Often the biggest challenge in penning a weekly column is meeting the length demand – in keeping it short enough. I’m always cutting wherever possible, so that each new version is generally shorter than the next. My next piece, on Feedster, slimmed from over 1,000 words to about 650, and you won’t miss most of what’s gone. However, there was an excerpt I would have liked to find a way to include. This follows a discussion of Feedster’s advertising model, where he mentioned how Feedster is probably turning away as many campaigns as it runs. Here’s an out-take:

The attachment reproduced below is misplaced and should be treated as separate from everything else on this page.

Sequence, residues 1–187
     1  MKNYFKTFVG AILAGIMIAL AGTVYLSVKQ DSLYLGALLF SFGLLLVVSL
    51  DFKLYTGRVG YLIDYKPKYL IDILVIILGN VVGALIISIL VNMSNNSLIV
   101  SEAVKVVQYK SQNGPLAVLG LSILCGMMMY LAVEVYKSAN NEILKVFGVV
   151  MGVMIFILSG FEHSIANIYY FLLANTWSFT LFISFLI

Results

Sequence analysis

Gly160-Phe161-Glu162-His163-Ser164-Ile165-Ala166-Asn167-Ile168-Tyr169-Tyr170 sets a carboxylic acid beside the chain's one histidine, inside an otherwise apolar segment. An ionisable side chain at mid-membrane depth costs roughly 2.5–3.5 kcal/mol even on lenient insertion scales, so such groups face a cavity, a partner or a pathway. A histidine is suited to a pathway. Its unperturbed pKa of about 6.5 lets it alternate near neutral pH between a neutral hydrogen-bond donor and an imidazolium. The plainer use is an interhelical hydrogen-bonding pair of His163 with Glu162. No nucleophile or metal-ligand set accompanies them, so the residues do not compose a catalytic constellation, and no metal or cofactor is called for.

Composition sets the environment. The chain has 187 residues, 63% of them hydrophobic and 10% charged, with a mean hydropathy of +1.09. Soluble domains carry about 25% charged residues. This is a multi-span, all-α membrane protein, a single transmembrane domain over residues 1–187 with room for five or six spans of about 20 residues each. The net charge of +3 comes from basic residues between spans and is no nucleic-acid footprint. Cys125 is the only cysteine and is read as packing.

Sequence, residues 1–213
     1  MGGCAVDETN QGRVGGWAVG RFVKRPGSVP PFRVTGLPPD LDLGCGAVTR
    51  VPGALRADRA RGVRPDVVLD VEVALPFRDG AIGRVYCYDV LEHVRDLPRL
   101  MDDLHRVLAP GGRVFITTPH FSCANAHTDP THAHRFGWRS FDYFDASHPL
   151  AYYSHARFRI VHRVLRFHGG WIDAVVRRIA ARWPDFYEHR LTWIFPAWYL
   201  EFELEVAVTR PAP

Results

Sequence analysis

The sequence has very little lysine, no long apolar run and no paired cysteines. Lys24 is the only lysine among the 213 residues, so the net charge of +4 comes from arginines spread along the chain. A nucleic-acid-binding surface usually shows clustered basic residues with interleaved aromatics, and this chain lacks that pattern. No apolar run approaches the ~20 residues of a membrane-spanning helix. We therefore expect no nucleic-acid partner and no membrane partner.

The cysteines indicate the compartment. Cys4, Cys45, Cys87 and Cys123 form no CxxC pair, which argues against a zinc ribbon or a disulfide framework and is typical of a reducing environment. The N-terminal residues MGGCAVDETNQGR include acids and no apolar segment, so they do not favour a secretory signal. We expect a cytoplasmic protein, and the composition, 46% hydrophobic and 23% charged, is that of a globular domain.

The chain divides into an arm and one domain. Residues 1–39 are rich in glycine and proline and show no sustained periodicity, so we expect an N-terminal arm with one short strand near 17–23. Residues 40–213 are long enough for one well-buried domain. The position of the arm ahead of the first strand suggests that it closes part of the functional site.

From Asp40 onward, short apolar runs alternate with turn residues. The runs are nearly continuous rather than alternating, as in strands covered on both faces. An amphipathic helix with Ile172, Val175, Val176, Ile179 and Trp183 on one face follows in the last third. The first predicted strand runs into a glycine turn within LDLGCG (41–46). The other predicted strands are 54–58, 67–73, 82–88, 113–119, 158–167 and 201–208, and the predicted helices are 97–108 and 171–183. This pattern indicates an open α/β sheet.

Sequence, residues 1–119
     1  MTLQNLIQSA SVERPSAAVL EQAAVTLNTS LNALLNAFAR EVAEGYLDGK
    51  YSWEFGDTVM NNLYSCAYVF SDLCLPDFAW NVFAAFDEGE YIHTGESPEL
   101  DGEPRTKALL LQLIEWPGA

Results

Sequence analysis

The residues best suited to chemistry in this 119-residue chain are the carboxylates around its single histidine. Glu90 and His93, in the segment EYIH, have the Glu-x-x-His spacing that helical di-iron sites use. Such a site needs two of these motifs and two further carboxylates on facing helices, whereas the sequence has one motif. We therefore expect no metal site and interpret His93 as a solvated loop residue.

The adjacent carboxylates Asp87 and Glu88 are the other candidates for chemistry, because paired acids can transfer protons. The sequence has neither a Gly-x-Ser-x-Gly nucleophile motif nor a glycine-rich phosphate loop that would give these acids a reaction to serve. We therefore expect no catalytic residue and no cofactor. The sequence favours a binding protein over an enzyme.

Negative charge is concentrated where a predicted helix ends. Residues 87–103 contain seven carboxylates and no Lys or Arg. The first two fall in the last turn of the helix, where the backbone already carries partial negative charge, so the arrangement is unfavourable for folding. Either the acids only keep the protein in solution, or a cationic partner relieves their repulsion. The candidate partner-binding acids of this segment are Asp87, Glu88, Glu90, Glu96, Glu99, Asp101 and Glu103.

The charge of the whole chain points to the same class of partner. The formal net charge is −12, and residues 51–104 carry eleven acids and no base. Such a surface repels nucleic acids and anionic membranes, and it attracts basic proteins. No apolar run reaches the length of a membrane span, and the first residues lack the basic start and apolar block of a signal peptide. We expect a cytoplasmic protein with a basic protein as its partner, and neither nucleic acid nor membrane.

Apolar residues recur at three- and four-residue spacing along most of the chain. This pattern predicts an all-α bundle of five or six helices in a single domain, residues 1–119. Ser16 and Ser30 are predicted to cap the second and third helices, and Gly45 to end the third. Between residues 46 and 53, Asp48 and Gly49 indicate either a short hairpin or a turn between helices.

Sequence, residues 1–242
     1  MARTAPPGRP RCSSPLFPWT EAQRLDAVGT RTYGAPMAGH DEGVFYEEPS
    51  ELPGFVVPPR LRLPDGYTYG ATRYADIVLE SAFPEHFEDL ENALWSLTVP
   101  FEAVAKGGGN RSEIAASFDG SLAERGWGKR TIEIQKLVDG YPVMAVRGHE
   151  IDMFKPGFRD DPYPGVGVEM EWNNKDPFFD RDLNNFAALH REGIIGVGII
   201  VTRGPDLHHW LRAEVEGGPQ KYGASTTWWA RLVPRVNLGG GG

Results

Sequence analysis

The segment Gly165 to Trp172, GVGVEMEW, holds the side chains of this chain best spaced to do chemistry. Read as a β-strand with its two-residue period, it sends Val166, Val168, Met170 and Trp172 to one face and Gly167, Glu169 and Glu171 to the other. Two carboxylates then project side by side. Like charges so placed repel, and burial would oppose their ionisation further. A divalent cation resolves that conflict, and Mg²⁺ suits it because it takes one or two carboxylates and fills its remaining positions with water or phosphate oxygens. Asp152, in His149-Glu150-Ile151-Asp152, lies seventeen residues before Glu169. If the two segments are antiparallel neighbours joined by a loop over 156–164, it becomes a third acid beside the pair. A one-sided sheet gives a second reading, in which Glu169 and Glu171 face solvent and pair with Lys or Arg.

I asked [Feedster President Chris] Redlitz when he foresaw inventory meeting advertiser demand. He returned bluntly, “I don’t think it will.” That being said, Redlitz said Feedster will keep its rates in check so as to best enable advertisers to build a strong return on investment. He compared this to rising keyword prices that make it “impossible” for advertisers to achieve a positive ROI. (I’d counter, however, that any advertiser can run a campaign yielding a high ROI through search engine marketing; those who don’t are likely viewing SEM with blinders on and falling short in strategic planning.)
Advertisers who are priced out of search engine marketing are falling short in measurement, creativity, strategy, or all of the above. Yes, some keywords are obscenely competitive, but for every "mesothelioma" and "mortgage rates," there are thousands of lucrative possibilities.